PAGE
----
Bucks County Council needs to plug a financial black hole of £49m over the next four years, according to its leader.
At the council’s annual debate, Martin Tett said that there were tough times ahead as purse strings are tightened further.
Suggestions for money-saving include making cuts to library services, turning off street lighting, scrapping gritter lorries in favour of giving grit salt to residents and leaving parks to ‘go wild’ in the hope that volunteers step up to tend them instead.
The chamber heard these from guest speaker Richard Parker – director of think tank the New Local Government Network – as he spoke about ways other local authorities which are feeling the strain across the UK have been cutting costs.
He said: “We’re going to see a £14.5 billion spending gap for all local services by the end of the decade, and 25% of councils are facing some sort of financial risk.
“We have more children and more elderly people coming into the system, so discretionary services such as libraries, lisure, culture and planning are all suffering due to this.”
An increase in demand for adult social care and children’s services will put extra pressure on the council, but more savings will come in the form of the its Future Shape strategy plan.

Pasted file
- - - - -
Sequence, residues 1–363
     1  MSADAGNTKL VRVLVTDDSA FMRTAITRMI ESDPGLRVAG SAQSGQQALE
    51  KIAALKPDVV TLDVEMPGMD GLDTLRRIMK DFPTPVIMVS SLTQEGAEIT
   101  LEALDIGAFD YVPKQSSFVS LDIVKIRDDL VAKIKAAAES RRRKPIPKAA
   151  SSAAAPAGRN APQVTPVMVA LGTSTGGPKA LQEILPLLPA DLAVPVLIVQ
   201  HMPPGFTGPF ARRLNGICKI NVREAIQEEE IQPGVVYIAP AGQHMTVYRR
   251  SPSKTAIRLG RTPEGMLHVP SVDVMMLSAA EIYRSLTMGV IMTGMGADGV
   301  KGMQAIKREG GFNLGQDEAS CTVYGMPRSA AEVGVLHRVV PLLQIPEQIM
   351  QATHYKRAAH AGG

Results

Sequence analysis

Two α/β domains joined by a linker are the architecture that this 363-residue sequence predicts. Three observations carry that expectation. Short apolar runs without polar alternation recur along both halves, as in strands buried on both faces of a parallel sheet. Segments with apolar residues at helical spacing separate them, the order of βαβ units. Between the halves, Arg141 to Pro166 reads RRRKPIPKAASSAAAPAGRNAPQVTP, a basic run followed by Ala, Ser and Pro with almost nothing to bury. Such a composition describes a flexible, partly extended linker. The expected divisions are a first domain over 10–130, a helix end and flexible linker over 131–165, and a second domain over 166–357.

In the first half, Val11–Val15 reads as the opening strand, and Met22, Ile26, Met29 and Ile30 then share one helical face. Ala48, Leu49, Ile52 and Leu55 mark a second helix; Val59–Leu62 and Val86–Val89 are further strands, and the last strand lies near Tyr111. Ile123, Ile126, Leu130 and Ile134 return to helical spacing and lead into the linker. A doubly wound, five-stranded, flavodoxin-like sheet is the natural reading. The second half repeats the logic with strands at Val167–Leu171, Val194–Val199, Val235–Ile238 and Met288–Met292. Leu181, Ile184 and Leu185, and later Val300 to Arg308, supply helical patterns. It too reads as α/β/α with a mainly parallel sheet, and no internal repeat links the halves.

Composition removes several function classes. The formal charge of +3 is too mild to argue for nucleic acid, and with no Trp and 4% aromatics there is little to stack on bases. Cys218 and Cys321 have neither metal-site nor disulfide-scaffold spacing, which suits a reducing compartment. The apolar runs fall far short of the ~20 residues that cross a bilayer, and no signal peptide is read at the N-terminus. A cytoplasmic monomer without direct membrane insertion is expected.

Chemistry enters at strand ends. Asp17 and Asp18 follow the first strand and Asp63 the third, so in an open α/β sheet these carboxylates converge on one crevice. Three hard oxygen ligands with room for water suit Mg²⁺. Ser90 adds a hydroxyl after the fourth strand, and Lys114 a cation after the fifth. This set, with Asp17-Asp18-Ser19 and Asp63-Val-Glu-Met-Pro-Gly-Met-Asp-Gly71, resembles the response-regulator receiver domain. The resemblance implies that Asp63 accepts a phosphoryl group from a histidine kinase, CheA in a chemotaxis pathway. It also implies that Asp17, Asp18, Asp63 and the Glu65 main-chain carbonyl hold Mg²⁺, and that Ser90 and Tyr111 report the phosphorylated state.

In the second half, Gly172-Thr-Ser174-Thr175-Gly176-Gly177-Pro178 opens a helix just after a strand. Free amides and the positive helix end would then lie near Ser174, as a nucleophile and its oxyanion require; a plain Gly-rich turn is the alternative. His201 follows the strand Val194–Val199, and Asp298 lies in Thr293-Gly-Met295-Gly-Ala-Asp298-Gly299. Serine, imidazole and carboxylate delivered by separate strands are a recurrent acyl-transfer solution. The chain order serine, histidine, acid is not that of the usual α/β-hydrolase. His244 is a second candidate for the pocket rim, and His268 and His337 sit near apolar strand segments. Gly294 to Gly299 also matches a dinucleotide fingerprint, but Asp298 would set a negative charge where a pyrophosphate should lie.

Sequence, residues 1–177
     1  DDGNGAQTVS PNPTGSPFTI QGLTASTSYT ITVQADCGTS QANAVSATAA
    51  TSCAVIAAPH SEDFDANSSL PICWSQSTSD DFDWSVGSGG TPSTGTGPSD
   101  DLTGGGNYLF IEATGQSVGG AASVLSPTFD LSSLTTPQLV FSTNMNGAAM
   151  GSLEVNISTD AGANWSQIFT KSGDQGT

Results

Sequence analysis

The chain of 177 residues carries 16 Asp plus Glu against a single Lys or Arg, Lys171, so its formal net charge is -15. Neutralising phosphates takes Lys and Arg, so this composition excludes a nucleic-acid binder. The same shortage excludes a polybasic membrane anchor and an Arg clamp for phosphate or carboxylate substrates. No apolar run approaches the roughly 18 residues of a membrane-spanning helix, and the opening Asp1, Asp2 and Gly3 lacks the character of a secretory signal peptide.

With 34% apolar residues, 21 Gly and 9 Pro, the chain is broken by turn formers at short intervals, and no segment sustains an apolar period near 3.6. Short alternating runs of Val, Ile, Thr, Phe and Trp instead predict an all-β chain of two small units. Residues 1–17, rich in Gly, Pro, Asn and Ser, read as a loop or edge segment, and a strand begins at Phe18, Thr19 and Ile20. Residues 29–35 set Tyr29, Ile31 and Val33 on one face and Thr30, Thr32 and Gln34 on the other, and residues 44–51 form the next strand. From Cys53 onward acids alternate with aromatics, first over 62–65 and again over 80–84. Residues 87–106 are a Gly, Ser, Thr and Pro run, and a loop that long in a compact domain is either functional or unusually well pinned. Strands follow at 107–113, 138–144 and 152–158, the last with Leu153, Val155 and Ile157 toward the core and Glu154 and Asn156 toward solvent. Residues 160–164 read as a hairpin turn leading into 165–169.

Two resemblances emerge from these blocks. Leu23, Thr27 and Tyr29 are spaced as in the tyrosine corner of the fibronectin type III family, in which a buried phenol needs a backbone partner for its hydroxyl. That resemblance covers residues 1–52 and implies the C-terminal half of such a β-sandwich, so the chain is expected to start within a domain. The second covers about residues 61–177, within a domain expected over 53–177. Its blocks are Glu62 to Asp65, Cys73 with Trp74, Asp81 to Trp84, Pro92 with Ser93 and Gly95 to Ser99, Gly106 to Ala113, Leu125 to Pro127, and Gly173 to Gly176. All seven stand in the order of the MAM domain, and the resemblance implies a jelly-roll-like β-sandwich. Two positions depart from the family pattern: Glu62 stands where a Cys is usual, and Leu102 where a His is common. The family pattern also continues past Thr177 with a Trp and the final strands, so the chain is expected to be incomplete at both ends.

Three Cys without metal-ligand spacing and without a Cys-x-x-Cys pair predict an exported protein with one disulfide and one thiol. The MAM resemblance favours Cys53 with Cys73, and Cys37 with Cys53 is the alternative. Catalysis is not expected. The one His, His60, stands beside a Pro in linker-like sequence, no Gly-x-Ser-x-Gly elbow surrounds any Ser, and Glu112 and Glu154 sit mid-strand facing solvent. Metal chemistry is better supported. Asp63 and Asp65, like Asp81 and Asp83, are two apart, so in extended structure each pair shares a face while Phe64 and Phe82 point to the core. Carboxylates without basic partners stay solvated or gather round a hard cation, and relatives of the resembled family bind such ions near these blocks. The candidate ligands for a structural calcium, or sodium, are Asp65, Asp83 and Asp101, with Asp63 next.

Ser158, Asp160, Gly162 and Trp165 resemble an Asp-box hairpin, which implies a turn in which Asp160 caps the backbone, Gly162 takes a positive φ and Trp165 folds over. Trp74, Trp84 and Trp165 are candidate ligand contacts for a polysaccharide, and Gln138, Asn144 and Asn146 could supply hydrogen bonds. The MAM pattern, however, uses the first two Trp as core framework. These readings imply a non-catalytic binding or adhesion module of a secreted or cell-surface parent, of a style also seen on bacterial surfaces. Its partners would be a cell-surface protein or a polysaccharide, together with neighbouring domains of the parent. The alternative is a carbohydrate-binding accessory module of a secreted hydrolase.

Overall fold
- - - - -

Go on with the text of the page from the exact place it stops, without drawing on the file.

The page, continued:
This document details changes such as outsourcing services, setting up new partnership trusts and making staff more ‘commercially-minded’ and aware of the cost of what they do – all while searching for opportunities to generate revenue.
Mr Tett said: “We will, without a doubt, see more people and more demand as a county council, but we will have less money. We’ve already seen our government grant cut by something like 44 per cent, and that will continue.
“I have to be very blunt – we cannot deliver the same as we did four years ago, as the money just isn’t there. There will be some very difficult choices to make, but we will do our best with the money that we have.”